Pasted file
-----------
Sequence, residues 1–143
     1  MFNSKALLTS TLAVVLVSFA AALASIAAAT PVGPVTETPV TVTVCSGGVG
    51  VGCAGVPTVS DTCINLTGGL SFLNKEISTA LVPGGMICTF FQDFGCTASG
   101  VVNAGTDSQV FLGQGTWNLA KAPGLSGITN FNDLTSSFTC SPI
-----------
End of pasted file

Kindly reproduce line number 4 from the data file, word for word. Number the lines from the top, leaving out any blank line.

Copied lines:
   101  VVNAGTDSQV FLGQGTWNLA KAPGLSGITN FNDLTSSFTC SPI